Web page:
By Mike Woitalla
The YouthSoccerInsider continues its series on the differences between coaching boys and girls.
A common response we’ve gotten from coaches – especially male coaches -- is that girls place a greater importance on their relationships with teammates than boys do.
“One of the most interesting things I've noticed over the years is the difference in the social dynamics of the two genders,” says Wes Hart, a former MLS player who is the Director of Coaching at Colorado Rush and has worked with the club’s U.S. Development Academy (boys) and ECNL (girls) teams.
“Girls typically need to like a player in order to accept her on their team,” says Hart. “I've seen good players not work out on teams, because she did not fit in socially. On the boys side, that does not seem to matter as much. A good player typically will be accepted on the team, regardless of how he fits in socially. I find this very interesting and frustrating.”
Jon Nishimoto, coach of Bishop O’Dowd’s girls varsity team in Oakland, Calif., and the assistant coaching director for East Bay United/Bay Oaks, has a similar view.
“My experience has been that the female players have to get along really well,” says Nishimoto, who’s coached both genders at youth and high school levels. “The better the female athletes get along, the better the team will be. If they’re connected off the field, it really translates on the field and makes a difference in those tight games. … Whereas with boys, I think they care more about your ability. They don’t care if they like you or not, as long as you do the job with their team.”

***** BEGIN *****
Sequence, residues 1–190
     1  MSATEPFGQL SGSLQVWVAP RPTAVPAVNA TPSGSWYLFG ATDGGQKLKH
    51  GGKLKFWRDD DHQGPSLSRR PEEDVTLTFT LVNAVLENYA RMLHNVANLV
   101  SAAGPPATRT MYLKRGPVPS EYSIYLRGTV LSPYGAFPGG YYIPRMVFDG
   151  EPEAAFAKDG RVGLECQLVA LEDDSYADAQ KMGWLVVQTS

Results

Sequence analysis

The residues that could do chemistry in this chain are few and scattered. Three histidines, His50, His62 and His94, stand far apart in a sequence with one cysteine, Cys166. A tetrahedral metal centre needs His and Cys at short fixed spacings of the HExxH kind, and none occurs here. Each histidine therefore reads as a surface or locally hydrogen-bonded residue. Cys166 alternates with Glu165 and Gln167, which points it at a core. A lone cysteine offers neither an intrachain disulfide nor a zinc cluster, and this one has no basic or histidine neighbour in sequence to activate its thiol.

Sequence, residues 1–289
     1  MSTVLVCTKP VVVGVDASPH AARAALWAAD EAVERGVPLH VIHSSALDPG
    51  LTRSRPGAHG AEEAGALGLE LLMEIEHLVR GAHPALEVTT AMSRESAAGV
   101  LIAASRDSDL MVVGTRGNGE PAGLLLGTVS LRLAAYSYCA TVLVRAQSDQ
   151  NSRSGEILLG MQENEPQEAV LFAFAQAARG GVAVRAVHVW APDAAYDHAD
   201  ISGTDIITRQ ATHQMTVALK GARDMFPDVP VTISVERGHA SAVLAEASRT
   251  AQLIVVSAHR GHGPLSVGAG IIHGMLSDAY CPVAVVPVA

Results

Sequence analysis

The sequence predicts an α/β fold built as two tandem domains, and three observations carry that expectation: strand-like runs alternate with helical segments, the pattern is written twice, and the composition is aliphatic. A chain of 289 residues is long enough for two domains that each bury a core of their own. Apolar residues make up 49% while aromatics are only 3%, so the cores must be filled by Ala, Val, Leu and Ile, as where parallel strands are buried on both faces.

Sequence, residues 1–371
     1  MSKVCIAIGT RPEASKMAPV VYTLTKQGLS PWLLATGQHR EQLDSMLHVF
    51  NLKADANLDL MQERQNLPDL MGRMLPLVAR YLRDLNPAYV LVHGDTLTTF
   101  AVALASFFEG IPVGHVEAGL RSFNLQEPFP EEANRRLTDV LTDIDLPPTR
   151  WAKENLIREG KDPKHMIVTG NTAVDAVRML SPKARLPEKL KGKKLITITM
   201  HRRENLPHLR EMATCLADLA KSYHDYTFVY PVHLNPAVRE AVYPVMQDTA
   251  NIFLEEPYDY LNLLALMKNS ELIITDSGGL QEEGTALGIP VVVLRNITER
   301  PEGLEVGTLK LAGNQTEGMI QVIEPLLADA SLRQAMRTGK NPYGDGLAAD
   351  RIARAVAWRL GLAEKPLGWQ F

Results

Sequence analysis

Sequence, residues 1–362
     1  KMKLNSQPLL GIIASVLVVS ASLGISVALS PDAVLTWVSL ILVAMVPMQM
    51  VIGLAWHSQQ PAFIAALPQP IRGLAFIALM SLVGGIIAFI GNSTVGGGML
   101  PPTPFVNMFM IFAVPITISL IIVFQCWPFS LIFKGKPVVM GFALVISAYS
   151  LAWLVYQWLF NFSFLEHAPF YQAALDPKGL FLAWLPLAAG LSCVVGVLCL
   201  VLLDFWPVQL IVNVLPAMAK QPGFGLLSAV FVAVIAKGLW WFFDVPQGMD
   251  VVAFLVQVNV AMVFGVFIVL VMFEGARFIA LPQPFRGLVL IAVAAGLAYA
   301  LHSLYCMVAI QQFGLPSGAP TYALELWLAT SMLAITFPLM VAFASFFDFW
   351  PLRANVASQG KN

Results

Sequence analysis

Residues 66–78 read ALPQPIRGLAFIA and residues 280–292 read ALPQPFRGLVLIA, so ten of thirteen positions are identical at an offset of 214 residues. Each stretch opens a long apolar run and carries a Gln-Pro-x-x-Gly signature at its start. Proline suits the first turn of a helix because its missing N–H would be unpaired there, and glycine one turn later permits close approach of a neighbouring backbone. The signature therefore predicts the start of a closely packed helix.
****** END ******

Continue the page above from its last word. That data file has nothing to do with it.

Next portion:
Christian Lavers, the ECNL Director at FC Wisconsin, says that regardless of gender, a team that gets along is going to typically outperform one that doesn't, but …
“Just as the game differs in some ways between boys and girls, the team dynamic is also a little different,” says Lavers, whose 2011 FC Milwaukee U-18 girls team became the first Wisconsin team ever (boys or girls) to win a USYS National Championship. “And while we can talk in generalities, there are always individual players that break the stereotype. But on average, I think girls are more attuned to each other's personalities and the relationships between them have a lot more impact on the way they play, and boys are more likely to separate personal relationships from soccer performance.”
Nishimoto says he does more off-field team-bonding activities with his girls teams than with his boys teams.
“Success I’ve had with girls teams -- I personally believe they’ve won games because of the stuff we do outside of soccer together,” he says. “The boys you have to do more on the field to gain that connection and trust.
“The team-bonding activities I do for the boys are ones that relieve tension and tries to get that extra energy out. That would be something like bowling. Something active. With the girls, they like doing the scavenger hunt, the movie night, hanging out with each other at the hotel.”
Theresa Echtermeyer, the Director of Coaching of Highlands Ranch Soccer Association/Colorado United, is also boys and girls varsity coach at Mt. Vista High School.
“Overall I don’t see big differences between my boys and girls teams,” says Echtermeyer, who’s also an NSCAA staff coach. “I actually see it from team to team. Teams take on certain personalities and tendencies. …
“The main thing, whether they’re boys or girls, is be consistent and send a clear message. For me, getting the players to buy in, take ownership of their team and their team’s goals, that’s how I get the most out of my boys and my girls.”
Echtermeyer, with more than two decades of experience coaching boys, does accept the generalizations about gender differences.
“In general, yes, I think it’s true that it’s more important for girls to get along than for boys,” she says. “But I have had a team with guys who had a tendency only to pass the ball to the ball to their buddies – a boys team. …
“And I would say that for both genders, the more cohesive a unit they are off the field, the better they’ll be on the field.”
Should they be coached differently? (Part 1)
'It's about how the individual ticks' (Part 2)
(Mike Woitalla, the executive editor of Soccer America, coaches youth soccer for East Bay United/Bay Oaks in Oakland, Calif. He is the co-author, with Tim Mulqueen, of The Complete Soccer Goalkeeper. Woitalla's youth soccer articles are archived at YouthSoccerFun.com.)